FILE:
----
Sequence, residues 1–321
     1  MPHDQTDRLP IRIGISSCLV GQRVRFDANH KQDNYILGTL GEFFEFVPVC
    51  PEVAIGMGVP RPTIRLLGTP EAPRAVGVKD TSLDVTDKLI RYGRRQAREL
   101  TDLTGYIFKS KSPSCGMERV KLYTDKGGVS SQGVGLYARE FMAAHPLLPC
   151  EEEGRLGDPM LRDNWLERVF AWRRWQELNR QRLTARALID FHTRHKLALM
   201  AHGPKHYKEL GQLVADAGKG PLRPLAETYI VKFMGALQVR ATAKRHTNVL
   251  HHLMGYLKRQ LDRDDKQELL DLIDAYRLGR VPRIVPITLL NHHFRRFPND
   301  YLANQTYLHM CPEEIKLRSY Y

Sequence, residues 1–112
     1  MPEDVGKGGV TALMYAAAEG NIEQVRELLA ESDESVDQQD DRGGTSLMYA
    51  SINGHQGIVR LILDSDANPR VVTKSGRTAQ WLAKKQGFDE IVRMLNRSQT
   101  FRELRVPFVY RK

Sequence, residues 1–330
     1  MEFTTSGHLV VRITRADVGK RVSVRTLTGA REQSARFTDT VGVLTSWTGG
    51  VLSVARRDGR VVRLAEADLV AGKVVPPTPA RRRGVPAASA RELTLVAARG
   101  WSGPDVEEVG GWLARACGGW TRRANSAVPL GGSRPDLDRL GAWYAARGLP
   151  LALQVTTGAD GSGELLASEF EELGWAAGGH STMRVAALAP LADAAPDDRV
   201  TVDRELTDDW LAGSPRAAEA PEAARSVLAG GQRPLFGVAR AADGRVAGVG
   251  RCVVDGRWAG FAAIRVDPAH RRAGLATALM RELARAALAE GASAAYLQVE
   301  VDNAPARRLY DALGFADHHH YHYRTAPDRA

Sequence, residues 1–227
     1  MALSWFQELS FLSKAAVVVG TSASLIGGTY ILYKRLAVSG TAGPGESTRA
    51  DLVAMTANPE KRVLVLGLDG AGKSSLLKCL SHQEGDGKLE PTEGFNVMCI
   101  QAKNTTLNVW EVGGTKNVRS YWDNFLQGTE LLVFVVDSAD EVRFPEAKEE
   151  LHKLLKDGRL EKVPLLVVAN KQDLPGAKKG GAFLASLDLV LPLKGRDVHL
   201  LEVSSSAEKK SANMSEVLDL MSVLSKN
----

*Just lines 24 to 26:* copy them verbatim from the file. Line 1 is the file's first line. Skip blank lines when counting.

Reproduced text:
   101  QAKNTTLNVW EVGGTKNVRS YWDNFLQGTE LLVFVVDSAD EVRFPEAKEE
   151  LHKLLKDGRL EKVPLLVVAN KQDLPGAKKG GAFLASLDLV LPLKGRDVHL
   201  LEVSSSAEKK SANMSEVLDL MSVLSKN